CARDIFF, UK – A medical student fears having to give up her degree amid uncertainty over funding.
Mazvita Manzai, of Roath, has dreamed of being a doctor for as long as she can remember. She has less than two years left of her medicine course at Cardiff University — but unless she raises £24,000 she will be unable to pay her remaining tuition fees.
The 21-year-old’s mother, who has been paying for the studies, saw the contract for her job end in 2018 during upheaval in Zimbabwe. Although Mazvita’s mother has since worked as a farmer, she is struggling to cover the tuition fees, while Mazvita is unable to get a job while on placement at a hospital and working long hours each week.
Mazvita, who is in her fourth year of study, said: “I’ve come so close and the thought of not being able to finish is a little bit terrifying. I never wanted to put pressure on my mum. She is a very resourceful woman and she can pay for some of it, but not all. I’ve never pushed her to do anything and I ask her ‘please tell me if you can’t do this anymore’, because she’s done so much already.
“If I can’t finish this semester, I hope three years’ worth of work would be enough to transfer to somewhere in Zimbabwe, but there’s a very real chance that the years I’ve done could be scrapped. It really is scary.”
The student has started a £24,000 fundraiser to cover her overdue fees and those for next term. Mazvita, whose fees are £35,000 a year, is set to graduate in summer 2023. She has already raised more than £12,000 following “overwhelming” support from her tutors and coursemates.
Mazvita was born and raised in the Zimbabwean capital of Harare. She described her Cardiff application as a “shot in the dark”, having looked at the most affordable options for studying in the UK. “Cardiff is one of the cheaper universities for international students, but that is a relative ‘cheaper’,” she added.
“My mum said, ‘Just go to the interview.’ I flew over and thought it would just be quite a productive holiday, because I had no expectation at all. Cardiff only takes 25 international students in a year of 300. It was such a miracle that I got got in. I was so overwhelmed.”
Mazvita, who achieved three As at A Level, added: “My mum was really proud of me. She’s always told me, ‘I want you to have more than I ever had.’ She went to a Government school in Zimbabwe, but she sent her children to private schools in Zimbabwe. She wanted us to go overseas for university. She said, ‘Education will get you so far in life.'”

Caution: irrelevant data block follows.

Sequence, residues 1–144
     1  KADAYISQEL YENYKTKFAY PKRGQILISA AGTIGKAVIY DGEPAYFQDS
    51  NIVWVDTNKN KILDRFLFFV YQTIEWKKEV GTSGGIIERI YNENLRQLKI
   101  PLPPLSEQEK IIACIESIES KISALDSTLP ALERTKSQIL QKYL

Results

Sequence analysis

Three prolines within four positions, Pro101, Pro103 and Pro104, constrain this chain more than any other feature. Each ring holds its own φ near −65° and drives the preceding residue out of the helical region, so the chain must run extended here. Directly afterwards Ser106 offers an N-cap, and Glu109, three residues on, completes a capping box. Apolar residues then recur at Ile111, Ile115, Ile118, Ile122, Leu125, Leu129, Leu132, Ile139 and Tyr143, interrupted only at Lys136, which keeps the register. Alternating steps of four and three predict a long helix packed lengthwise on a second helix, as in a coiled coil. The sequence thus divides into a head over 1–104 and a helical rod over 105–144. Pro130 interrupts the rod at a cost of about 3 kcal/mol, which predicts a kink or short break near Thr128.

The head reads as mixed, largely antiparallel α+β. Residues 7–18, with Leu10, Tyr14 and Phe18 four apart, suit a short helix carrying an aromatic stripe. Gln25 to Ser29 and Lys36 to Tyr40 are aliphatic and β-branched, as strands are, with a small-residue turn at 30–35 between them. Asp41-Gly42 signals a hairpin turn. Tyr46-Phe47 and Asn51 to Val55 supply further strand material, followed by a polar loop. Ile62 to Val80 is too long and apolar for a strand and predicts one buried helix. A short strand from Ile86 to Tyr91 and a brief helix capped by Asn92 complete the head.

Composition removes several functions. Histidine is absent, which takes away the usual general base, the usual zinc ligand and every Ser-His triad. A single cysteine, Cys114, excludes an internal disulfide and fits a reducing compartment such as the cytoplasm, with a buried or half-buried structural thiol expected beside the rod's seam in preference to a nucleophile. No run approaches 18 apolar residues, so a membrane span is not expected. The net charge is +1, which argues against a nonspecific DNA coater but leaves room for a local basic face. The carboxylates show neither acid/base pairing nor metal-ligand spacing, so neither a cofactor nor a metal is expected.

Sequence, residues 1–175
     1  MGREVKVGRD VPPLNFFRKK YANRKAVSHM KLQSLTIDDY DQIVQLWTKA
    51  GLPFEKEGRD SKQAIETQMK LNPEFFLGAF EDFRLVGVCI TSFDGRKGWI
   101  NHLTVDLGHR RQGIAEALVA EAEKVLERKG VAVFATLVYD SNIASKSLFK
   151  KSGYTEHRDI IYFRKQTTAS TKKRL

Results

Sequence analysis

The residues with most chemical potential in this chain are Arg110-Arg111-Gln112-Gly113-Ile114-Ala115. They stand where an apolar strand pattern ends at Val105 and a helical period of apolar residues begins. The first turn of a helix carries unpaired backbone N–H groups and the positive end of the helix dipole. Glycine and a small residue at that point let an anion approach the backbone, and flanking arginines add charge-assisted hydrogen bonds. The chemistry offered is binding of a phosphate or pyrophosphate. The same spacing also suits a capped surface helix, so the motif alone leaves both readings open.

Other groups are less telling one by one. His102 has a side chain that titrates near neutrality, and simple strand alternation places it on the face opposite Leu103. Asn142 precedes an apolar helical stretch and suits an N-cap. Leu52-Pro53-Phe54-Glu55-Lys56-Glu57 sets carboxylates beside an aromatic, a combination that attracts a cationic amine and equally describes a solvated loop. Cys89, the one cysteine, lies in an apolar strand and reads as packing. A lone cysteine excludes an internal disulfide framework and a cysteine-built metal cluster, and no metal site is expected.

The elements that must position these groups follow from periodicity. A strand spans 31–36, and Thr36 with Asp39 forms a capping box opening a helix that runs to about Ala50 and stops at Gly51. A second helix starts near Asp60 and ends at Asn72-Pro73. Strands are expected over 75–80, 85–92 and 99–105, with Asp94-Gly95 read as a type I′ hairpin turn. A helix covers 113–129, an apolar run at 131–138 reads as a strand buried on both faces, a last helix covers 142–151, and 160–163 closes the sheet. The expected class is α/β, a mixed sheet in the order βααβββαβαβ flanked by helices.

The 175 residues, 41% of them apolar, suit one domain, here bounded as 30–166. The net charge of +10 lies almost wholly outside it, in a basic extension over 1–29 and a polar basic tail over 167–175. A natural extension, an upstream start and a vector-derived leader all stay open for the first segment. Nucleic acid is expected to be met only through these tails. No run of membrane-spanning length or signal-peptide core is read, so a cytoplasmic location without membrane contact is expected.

Shortly before Mazvita left for Cardiff in 2018, her mum’s contract ended, having worked for her employer for 25 years. “My mum, being a resourceful woman, worked so hard and started renting a plot of land and farming wheat,” said Mazvita.
“Zimbabwe has a really lovely climate so farming is really sustainable, but it is all based on the harvest, which is weather-dependent. My mum only gets paid closer to December than the summer, which is part of why my tuition fees are overdue.
“When my mum was first going through this situation, I was in a new country as an 18-year-old girl and it was really hard. I’m so blessed that my family has been so supportive.”
Mazvita would have considered taking time off her studies, but her visa conditions would force her to return to Zimbabwe, where she believes there would be little prospect of finding a job which would pay enough, in the struggling economy.
Her university tutor, Professor Simon Noble, shared her fundraiser on Twitter, writing: “I’ve been personal tutor to Maz for three years. She is a great student. Her story is real and she needs our support.”
Help Maz finish Med School https://t.co/ASmUP3npj0
Ive been personal tutor to Maz for 3 years. She is a great student. Her story is real and she needs our support. Please be kind by either donating or retweeting. I would be very grateful. Simon
— Simon Noble (@SimonNoble) October 27, 2021
Mazvita, who is on a placement at Withybush Hospital in Haverfordwest, said the response from doctors, coursemates and others has been “so kind”, helping her raise £12,665 in 10 days.
She added: “I love Cardiff. I always tell people Cardiff is this really lovely mix where the Brecon Beacons are so close, you can go climbing and walking, but the city centre is so great for a young person starting out in life. It is the best of both worlds.
“Any time I am in hospital on a placement, I get the inner peace that this is exactly what I’m supposed to be doing. I love hearing how a patient’s day is going and making them smile. It is so lovely to not see them as a sick person, just to see them as a person, to ask about their kids and things like that.”
You can donate to the fundraiser here.